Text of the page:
Featuring various landscapes such as isolated summits, level valley floors, and long ridges, North Maricopa Mountains Wilderness offers primitive camping opportunities and the chance to enjoy solitude to visitors and nature lovers. This 99 square mile Bureau of Land Management wilderness that lies in the southwestern Maricopa County, Arizona, can be accessed from Gila Bend and Phoenix. Elevations in the wilderness range from about 900 feet to 3,000 feet.
There are plenty of ways to stay active in this BLM wilderness. Visitors can hike on any of the two designated hiking trails that add up to 15 miles and follow former vehicle tracks and unmarked desert washes. Alternatively, nature lovers can view the resplendent flora, beautiful wildlife and colorful birds that live within the wilderness. Sonoran Desert National Monument presents even more recreational opportunities such as stargazing, hunting, motor touring, sightseeing, and photography. Equestrians can also enjoy riding their horses through the wilderness areas.
A small campground with basic camping amenities and a parking area is available at one of the trailheads around this BLM property in Arizona. More developed camping opportunities are available at Tonto National Forest.
North Maricopa Mountains Wilderness lies within the southwestern Maricopa County, 20 miles southwest of Phoenix and 12 miles east of Gila Bend, Arizona. Access to this Bureau of Land Management property is via unmarked, primitive roads that are best negotiated with high clearance, four-wheel-drive vehicles. There are no modern or improved roads to the park, so ensure you drive with caution as you detour from Highway 85 or State Route 238 (Maricopa Road). The northern wilderness boundary is accessible from Rainbow Valley Road while the southern wilderness boundary is accessible from Maricopa Road. A primitive dirt road also leads to the eastern boundary of the wilderness.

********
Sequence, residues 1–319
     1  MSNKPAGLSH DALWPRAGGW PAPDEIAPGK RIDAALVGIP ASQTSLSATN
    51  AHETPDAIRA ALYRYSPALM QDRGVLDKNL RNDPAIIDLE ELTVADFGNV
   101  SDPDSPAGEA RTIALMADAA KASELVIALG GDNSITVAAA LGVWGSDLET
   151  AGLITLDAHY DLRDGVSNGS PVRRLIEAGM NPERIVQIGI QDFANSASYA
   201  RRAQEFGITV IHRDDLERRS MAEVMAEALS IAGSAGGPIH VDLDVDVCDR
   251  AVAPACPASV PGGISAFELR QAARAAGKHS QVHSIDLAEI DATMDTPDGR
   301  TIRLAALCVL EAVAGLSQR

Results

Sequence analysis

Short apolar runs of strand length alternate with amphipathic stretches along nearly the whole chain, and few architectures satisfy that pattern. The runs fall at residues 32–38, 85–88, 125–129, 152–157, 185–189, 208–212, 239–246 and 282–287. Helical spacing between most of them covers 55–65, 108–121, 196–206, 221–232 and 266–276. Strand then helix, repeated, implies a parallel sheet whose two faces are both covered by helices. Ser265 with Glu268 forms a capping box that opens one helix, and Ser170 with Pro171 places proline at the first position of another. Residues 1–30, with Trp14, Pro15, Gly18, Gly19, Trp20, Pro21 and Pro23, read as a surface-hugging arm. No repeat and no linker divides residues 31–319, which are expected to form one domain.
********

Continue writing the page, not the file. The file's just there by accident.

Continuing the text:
Within the wilderness boundaries, the use of motorized vehicles and mechanical equipment is not allowed. Therefore, you should look out for signs and posts that indicate places where you can park your vehicle. Navigation within the wilderness is either on foot or on your horse. Wheelchairs are allowed within the wilderness.
There are no direct public transportation services to North Maricopa Mountains Wilderness.
Painted Rock Campground is a BLM campground located west of North Maricopa Mountains Wilderness, off Interstate 8. At this campground, campers are provided the chance to see an ancient archeological site that features hundreds of artistic and symbolic rock etchings, called petroglyphs, that were made centuries ago by local inhabitants. Several historic trails are present within the campground too.
Sixty campsites are available within the campground, all on first-come, first-served basis only. Amenities provided include grills, picnic tables, a vault toilet, and steel fire rings. Potable water is not available. Overnight camping opportunities are available.
Margie’s Cove West Campground is a small BLM campground located near the Margie’s Cove West Trailhead at North Maricopa Mountains Wilderness. The campground consists of four campsites equipped with a vault toilet, steel fire rings, and informational signage. A day-use parking area for vehicles is also provided. Potable water and septic disposal are not provided.